TOMRA implements XRT technology at Letšeng Diamond Mine
Published by Jessica Casey,
Global Mining Review,
TOMRA’S XRT sensor-based sorting technology has helped unlock significant value for Gem Diamonds at its Letšeng Diamond Mine. It delivered an effective solution for coarse fractions in historical tailings dumps, recovering 15 times the initial investment in four years. This success has led to the installation of the first TOMRA Final Recovery sorter in the world, now in its final commissioning stage. Projects to further upgrade the mine’s recovery plant with more TOMRA XRT sorters are in the pipeline.
Gem Diamonds, a leading global diamond producer of large high value diamonds, owns 70% of the Letšeng mine, located in the Maluti Mountains of Lesotho. It is one of the largest opencast diamond mines in the world; it processes ore from two kimberlite pipes – the Main pipe (17 ha.) and the Satellite pipe (5.2 ha.) – and is known for the recovery of Type II diamonds. The ore is treated through two plants with conventional crushing, scrubbing, screening and dense medium separation (DMS) processes. The DMS concentrate is split into three fractions that are sent to be processed with X-Ray Transmission (XRT) and X-Ray Fluorescence (XRF) technologies.
In 2017, the company undertook several activities to unlock the mine’s full potential and contacted TOMRA Mining to explore ways of improving its Coarse Recovery process.
Jaco Houman, Senior Manager Technical and Projects at Gem Diamond Technical Services, said: “We had quite a lot of historic tailings material. We had a view that, since we had commissioned a new coarse recovery in 2015, we weren’t quite getting all the diamonds we were looking for. We worked with our supplier to improve, but we felt we had reached a ceiling point. That’s when we decided to augment the installed base and contacted TOMRA.”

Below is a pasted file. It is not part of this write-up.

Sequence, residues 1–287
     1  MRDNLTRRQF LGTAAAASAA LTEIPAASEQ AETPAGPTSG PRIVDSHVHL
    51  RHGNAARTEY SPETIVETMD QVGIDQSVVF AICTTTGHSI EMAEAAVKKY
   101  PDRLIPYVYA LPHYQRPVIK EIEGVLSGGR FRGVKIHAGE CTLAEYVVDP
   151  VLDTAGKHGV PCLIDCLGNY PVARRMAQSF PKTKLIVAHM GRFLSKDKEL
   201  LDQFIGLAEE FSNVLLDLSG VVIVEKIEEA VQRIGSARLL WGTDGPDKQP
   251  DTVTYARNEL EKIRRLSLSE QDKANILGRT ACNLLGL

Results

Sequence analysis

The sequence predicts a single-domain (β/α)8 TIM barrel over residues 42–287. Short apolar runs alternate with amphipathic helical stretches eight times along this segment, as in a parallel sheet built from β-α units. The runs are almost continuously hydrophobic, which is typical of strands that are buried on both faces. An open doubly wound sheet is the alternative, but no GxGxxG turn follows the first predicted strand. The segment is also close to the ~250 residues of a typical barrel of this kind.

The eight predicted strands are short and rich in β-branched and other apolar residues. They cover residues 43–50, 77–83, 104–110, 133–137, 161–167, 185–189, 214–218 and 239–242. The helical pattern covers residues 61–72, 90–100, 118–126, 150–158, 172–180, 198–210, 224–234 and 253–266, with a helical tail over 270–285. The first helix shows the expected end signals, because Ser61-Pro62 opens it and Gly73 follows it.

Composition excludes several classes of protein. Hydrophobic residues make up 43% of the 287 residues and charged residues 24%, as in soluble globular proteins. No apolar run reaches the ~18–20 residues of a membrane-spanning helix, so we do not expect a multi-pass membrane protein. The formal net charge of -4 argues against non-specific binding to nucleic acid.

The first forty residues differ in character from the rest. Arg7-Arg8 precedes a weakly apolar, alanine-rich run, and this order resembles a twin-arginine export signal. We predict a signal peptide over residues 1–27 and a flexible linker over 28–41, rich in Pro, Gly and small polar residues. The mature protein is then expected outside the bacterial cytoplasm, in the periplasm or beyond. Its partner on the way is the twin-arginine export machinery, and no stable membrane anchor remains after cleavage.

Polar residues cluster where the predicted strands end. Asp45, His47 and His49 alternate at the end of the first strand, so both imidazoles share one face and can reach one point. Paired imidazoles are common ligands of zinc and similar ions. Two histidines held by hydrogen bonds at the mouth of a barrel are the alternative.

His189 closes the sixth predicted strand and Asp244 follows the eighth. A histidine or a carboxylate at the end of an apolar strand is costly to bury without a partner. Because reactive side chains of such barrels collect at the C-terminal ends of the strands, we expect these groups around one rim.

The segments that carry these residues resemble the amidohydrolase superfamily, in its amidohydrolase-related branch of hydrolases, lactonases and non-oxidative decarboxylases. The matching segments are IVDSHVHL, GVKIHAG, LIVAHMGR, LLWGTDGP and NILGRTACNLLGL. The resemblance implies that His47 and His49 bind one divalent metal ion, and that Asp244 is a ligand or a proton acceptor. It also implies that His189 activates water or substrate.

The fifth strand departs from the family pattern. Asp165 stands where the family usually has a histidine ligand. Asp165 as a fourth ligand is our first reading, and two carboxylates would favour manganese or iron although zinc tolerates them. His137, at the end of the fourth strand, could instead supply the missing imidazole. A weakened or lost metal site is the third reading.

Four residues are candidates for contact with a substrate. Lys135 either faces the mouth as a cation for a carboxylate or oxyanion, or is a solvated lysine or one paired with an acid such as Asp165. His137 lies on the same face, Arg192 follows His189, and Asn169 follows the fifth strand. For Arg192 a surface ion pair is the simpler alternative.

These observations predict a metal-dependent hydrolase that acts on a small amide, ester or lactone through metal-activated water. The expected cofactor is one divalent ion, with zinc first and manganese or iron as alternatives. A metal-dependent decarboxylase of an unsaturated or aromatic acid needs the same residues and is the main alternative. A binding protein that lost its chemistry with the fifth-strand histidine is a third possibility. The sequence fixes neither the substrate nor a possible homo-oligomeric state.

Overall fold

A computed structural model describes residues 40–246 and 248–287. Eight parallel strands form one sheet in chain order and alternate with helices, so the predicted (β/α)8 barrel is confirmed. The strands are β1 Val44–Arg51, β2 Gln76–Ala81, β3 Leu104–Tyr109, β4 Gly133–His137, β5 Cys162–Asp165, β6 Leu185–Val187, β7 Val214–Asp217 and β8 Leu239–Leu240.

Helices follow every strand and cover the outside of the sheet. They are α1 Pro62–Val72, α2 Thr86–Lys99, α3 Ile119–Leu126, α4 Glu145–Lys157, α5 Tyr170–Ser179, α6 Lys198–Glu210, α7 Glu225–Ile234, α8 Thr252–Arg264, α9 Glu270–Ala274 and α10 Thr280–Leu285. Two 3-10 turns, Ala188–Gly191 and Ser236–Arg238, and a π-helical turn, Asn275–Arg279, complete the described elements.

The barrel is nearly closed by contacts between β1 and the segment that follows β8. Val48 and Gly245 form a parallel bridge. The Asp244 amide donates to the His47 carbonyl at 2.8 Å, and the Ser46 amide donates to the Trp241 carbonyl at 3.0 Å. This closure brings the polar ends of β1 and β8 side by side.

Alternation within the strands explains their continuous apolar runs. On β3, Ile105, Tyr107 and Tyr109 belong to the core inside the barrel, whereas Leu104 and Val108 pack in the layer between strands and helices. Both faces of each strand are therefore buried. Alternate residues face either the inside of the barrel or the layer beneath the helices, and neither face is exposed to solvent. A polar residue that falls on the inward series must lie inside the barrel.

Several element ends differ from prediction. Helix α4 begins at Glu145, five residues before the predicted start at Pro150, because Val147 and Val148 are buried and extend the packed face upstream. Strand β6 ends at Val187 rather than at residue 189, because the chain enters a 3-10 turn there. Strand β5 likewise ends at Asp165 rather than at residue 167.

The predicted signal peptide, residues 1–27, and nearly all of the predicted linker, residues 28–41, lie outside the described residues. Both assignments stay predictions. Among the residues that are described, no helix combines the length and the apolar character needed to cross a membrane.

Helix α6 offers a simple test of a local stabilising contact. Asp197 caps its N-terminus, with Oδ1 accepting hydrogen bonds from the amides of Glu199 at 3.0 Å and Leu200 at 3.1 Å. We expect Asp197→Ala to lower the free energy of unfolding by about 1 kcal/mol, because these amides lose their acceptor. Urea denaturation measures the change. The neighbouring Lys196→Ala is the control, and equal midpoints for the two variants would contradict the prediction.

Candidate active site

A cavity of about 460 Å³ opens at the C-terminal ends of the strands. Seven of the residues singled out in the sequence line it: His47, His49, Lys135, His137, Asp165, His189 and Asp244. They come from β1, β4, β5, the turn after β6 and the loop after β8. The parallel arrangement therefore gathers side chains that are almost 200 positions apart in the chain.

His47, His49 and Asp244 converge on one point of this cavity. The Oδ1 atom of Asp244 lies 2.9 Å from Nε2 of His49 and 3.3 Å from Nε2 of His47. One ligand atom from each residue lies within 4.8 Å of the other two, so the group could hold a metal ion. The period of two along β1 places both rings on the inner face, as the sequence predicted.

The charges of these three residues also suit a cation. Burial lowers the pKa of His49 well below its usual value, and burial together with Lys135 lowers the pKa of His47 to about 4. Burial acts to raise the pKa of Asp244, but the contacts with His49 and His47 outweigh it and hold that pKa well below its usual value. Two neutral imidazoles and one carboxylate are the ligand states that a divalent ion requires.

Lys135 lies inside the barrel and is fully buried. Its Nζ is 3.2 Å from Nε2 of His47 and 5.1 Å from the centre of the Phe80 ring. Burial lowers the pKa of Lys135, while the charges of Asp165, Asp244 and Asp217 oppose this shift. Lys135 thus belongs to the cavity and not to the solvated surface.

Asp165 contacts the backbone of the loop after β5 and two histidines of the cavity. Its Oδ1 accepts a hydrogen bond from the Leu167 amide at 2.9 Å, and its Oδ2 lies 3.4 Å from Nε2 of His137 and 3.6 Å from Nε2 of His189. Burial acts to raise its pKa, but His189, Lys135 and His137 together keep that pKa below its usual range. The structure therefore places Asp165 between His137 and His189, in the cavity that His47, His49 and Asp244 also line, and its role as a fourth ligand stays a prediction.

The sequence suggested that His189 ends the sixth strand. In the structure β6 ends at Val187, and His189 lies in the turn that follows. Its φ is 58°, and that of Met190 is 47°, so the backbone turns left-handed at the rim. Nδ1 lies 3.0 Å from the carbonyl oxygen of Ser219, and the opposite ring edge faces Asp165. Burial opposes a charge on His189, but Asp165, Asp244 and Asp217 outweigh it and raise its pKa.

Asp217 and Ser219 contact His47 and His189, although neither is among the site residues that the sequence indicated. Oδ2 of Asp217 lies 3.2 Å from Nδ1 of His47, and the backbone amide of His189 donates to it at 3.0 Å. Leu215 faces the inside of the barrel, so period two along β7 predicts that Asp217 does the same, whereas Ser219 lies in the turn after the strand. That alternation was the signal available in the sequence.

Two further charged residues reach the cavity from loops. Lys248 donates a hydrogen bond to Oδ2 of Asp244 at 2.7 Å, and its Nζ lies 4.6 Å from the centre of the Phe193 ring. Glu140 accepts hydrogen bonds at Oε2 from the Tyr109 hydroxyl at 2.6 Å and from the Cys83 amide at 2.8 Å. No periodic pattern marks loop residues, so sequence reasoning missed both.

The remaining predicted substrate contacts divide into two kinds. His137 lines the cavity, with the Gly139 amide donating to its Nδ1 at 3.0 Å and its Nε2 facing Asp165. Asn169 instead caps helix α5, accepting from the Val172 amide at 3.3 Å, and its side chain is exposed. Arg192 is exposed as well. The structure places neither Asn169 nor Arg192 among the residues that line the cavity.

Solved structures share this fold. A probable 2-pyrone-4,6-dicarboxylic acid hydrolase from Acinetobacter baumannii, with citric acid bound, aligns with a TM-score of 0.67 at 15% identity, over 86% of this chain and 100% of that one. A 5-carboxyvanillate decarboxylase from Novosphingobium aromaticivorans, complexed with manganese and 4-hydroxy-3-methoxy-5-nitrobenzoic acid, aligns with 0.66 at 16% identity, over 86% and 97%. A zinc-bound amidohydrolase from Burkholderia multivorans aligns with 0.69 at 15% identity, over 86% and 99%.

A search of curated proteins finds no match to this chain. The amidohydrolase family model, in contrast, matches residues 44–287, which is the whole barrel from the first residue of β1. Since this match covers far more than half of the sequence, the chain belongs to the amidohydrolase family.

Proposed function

Gem Diamonds rented a TOMRA COM Tertiary XRT sorter, which was deployed in 2H17 to process historic tailings. “Our objectives were to audit the Coarse Recovery Plant performance, increase diamond recovery, improve the recovered revenue and evaluate the TOMRA unit as a recovery and bulk sorting unit,” added Houman.
“During the six-month rental of this unit, we got a better understanding of our primary recovery efficiencies, we were able to conduct off-line auditing and scavenging activities, we increased our diamond recovery and revenue, and we effectively introduced bulk treatment of historical recovery tailings.”
“The unit showed that it recovers consistently from the tailings material. The value that came from it spoke volumes about the technology and the potential that could still be obtained with the material available. It cemented the realisation that we needed a recovery unit for scavenging, auditing and second-pass recovery.”
On the back of the results achieved with the rental unit, Gem Diamonds purchased a TOMRA COM XRT 2.0 sorter to replace the rental unit at the end of the contract. Featuring a bigger ejection chamber, higher belt speed and throughput, this unit was well suited to the large diamond recovery set up the company was looking for.
“In January 2018, we had pretty much just finished commissioning this unit and we recovered the biggest stone Letseng had ever seen, the 910-carat Lesotho Legend. There was no question about performance after that,” commented Houman. “Since 2017, we have recovered six diamonds that were sold for more than US$1 million with the two TOMRA XRT sorters.”
Since installing the TOMRA COM XRT 2.0, the mine’s +5 mm material has been depleted and the company is now focusing on scavenging and auditing the existent tailings.